SPSS for Windows (Version 27; SPSS, Chicago IL) was used for statistical analysis. Quantitative variables at baseline were expressed as mean ± standard deviation (SD). An explorative analysis of the subgroups was performed. Normal distribution was assessed with the Kolmogorov–Smirnov test. Categorical variables were compared by the chi-square test. For multiple testing ANOVA (normally distributed data) or Kruskal–Wallis test (non-normally distributed data) were used. In case of multiple testing the Bonferroni correction was added. For comparison of normally distributed paired samples students’ t-test was applied. Fixed effects logistic regression was used to estimate associations between the dependent variable patellofemoral lesion (yes/no) and the following independent variables: patients’ characteristics (age, BMI at the time of surgery, sex), postoperative radiological parameters (valgus angle, CDI, BPI) and functional scores (KOOS subscores, IKDC, VAS, Lysholm Score, KOOS subscores, WOMAC subscores, Tegner Score). Pearson’s (for normally distributed data) and Spearman’s correlation (for not-normally distributed data) was used to measure associations between two variables. Accordingly, p < 0.05 was considered statistically significant.
The ethics committee of Freiburg University approved this study (ID 290/18).
Statistical analysis of the entire cohort revealed a postoperative valgus of 2.69° ± 1.73 (95% Confidence Intervall, CI, 2.32 – 3.06°). Indices of patella height changed significantly after HTO but remained within the physiological range (Fig. 2). Lysholm (43.47 ± 20.09, 95% CI 39.26 – 47.68 to 80.17 ± 17.67, 95% CI 76.47 – 83.87), VAS (7.33 ± 1.68, 95% CI 6.98 – 7.69 to 2.96 ± 2.55, 95% CI 2.42—3.49) and Tegner Scores (5.26 ± 1.20, 95% CI 5.0 – 5.51 to 3.68 ± 1.64, 95% CI 3.33–4.02) changed significantly preoperatively to postoperatively (p < 0.001). Additional postoperative data on the cohort are displayed in Table 2.
The subgroups differed significantly in age at the time of surgery (A vs.D p = 0.014) and pre-operative BPI (Group C vs. A p = 0.026, group C vs. D p = 0.020). Patients’ characteristics in all four subgroups are displayed in Table 3.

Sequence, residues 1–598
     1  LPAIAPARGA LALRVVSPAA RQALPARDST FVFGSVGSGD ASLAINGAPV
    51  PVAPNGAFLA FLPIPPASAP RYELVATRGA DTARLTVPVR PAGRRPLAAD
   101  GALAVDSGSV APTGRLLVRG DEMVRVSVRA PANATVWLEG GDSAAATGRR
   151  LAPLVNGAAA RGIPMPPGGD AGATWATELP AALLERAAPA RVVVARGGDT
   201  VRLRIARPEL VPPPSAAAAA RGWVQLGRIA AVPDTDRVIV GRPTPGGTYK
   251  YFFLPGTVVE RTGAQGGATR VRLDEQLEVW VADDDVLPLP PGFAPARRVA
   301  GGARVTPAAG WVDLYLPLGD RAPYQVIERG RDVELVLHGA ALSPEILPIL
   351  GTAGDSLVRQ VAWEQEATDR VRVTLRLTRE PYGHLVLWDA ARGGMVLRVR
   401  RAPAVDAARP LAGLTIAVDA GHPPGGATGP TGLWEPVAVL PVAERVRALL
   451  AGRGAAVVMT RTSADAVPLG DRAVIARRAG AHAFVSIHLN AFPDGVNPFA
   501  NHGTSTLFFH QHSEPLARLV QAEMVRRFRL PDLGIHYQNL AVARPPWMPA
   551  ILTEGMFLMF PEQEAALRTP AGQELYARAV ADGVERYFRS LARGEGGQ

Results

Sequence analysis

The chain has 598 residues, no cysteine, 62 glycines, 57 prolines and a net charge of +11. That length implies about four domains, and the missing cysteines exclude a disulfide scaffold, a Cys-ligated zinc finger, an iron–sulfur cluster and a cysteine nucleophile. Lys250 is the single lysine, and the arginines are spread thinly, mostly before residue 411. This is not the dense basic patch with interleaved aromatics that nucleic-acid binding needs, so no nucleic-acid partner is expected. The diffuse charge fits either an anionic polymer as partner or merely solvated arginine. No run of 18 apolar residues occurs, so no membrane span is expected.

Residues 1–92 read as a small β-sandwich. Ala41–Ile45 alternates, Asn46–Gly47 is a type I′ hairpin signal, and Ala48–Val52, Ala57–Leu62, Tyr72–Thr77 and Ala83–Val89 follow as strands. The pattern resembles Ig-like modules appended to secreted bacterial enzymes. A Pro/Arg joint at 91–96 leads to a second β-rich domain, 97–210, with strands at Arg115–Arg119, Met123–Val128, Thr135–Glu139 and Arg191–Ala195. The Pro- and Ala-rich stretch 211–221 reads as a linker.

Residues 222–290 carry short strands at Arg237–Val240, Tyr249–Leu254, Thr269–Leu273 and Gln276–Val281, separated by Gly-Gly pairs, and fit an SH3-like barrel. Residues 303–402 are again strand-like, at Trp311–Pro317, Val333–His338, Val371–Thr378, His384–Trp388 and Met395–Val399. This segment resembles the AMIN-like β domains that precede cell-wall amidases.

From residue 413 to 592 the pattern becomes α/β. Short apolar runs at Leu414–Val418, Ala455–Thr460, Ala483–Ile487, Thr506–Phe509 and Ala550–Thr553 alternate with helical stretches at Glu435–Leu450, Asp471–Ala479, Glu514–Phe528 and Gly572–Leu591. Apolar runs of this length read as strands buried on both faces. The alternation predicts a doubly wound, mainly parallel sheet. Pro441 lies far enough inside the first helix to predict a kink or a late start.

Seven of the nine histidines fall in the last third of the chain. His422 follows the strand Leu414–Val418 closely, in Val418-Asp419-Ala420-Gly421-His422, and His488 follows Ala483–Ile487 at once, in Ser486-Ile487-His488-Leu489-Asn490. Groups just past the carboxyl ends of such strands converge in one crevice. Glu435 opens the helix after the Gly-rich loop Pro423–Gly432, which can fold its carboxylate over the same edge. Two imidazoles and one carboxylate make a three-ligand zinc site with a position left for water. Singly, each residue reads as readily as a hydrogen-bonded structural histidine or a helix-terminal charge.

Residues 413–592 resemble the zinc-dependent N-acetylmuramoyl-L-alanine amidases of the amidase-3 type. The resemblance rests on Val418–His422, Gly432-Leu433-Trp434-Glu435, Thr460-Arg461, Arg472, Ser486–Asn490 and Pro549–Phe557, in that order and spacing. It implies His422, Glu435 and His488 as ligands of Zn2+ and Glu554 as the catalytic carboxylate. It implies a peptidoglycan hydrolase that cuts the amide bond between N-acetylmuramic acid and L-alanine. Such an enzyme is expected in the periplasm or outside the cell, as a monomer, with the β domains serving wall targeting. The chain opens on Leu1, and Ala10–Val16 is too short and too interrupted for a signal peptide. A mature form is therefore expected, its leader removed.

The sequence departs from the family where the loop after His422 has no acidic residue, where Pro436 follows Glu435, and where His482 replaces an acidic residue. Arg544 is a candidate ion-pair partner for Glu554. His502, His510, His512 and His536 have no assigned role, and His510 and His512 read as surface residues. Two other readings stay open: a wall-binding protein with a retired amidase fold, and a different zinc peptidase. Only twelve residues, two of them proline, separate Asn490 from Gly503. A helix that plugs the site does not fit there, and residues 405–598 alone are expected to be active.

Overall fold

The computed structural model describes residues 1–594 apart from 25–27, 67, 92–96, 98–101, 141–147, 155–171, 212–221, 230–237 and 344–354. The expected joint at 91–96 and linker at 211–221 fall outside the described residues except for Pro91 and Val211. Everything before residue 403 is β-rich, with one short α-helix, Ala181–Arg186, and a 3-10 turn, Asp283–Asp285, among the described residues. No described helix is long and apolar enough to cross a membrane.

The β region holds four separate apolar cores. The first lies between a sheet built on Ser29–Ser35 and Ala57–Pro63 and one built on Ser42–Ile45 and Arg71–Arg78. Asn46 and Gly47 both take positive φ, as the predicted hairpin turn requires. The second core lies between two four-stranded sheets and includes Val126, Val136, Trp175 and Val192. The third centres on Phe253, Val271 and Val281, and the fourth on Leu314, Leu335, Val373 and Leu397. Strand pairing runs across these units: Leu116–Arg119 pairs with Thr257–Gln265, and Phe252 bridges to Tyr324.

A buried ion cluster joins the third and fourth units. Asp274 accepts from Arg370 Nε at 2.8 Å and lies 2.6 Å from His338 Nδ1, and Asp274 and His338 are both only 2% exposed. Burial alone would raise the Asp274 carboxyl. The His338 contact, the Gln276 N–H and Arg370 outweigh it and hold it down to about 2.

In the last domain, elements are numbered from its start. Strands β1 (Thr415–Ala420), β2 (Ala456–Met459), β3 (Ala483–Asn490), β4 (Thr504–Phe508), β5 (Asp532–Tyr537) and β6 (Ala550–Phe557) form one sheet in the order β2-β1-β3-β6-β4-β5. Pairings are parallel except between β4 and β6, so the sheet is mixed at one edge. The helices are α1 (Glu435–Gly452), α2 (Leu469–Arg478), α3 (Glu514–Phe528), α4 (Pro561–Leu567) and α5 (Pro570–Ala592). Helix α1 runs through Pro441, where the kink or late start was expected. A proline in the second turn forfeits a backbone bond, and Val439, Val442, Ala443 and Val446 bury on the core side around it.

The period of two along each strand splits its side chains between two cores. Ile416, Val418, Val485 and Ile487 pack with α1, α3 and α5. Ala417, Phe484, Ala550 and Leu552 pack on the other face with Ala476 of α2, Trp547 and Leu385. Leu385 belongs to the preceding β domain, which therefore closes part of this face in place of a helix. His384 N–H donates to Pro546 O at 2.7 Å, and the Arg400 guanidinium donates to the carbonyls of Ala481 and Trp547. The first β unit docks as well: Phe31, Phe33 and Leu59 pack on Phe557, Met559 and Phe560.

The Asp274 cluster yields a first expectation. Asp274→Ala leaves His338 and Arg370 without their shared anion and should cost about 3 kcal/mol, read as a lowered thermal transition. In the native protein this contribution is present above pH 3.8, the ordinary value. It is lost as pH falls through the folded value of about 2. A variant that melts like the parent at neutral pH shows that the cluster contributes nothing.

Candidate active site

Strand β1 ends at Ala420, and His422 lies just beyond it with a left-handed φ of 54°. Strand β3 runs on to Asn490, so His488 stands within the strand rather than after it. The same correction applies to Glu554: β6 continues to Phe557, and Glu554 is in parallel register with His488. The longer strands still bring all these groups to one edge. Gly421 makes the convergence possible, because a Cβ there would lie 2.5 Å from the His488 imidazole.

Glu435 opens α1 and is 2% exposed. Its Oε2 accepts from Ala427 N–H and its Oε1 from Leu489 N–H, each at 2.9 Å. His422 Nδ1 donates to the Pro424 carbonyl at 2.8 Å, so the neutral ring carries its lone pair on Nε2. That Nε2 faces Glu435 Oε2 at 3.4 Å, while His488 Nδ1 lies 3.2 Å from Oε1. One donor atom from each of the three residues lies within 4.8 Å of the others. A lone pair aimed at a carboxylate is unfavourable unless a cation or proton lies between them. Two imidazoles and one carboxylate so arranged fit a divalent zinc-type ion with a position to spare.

Similar to the entire cohort, HTO led to the patella’s significant distalisation in the subgroups as well, with the mean indices remaining at or above the limit to a patella baja (Group A mean CDI 0.90 ± 0.17, BPI 0.82 ± 0.15, Group B CDI 0.89 ± 0.21, BPI 0.80 ± 0.19, Group C CDI 0.90 ± 0.12, BPI 0.81 ± 0.13, Group D CDI 0.85 ± 0.14, BPI 0.78 ± 0.15), cf. Figure 3. There were no significant differences between Groups A and D in postoperative patellar height.
Patients in all groups showed pre- to postoperatively a significant rise in the Lysholm Score (Groups A to D p < 0.001), and lower pain levels (VAS Score, groups A to D p < 0.001). Group D patients’ Lysholm Score was significantly lower at final follow-up than that of patients in group A (p = 0.038). Tegner Scale assessments of activity levels in sports and work revealed lower levels (Fig. 4).
Regarding the IKDC, KOOS and subscores (cf. Table 4): group D patients achieved significantly lower KOOS quality of life score (p = 0.023) than group A. Absolute WOMAC subscores were low in all four groups, indicating good functional results in all concerning pain, stiffness, and function and did not significantly differ between the groups.
Correlations in subgroups with patellofemoral cartilage lesions
Group B. In this subgroup, a correlation between the retropatellar cartilage lesion’s Outerbridge classification and KOOSsymp (p = 0.006, r = -0.595**) and WOMACstiffness scores (p = 0.022, r = 0.508) could be observed. Female sex predisposed for a lower KOOSpain score (p = 0.026, r = -0.495) and higher WOMACpain (p = 0.011, r = 0.557) and WOMACstiffness scores (p = 0.014, r = 0.528). A higher BMI at the time of surgery was a risk factor for a longer absence from work after HTO (p = 0.008, r = 0.607**). No correlation between postoperative CDI, BPI, and ISI could be detected.
Group C. A larger postoperative valgus was associated with a lower CDI (p = 0.01, r = -0.833). A lower BPI led to higher VAS pain levels at final follow-up (p = 0.033, r = -0.707). The higher the difference between pre- and postoperative ISI, the lower the Lysholm Score at final follow-up (p = 0.047, r = -0.714).
Group D. A higher postoperative CDI was associated with a higher Tegner Score (p = 0.018, r = 0.499). A milder valgus correction measured in % on the tibia plateau (TP) in this group was associated with superior functional results (correction TP%—Lysholm Score p = 0.044, r = -0.433, correction TP%—KOOSpain p = 0.028, r = -0.469, correction TP%—KOOSQOL p = 0.041, r =—0.439).
Regression analyses comparing patients without a patellofemoral cartilage lesion to those with one showed that the former were more likely to be younger (p = 0.002, Exp(B) 1.139) and have a lower BMI at the time of surgery (p = 0.008, Exp(B) 1.26). Patients with a patellofemoral cartilage lesion were more likely to exhibit lower postoperative KOOSpain (p = 0.049, Exp (B) 0.001), KOOSsymp (p = 0.043, Exp(B) 0.001), KOOS sport (p = 0.045, Exp (B) 0.001),KOOS QOL scores (p = 0.044, Exp(B) 0.001) (cf. Table 5).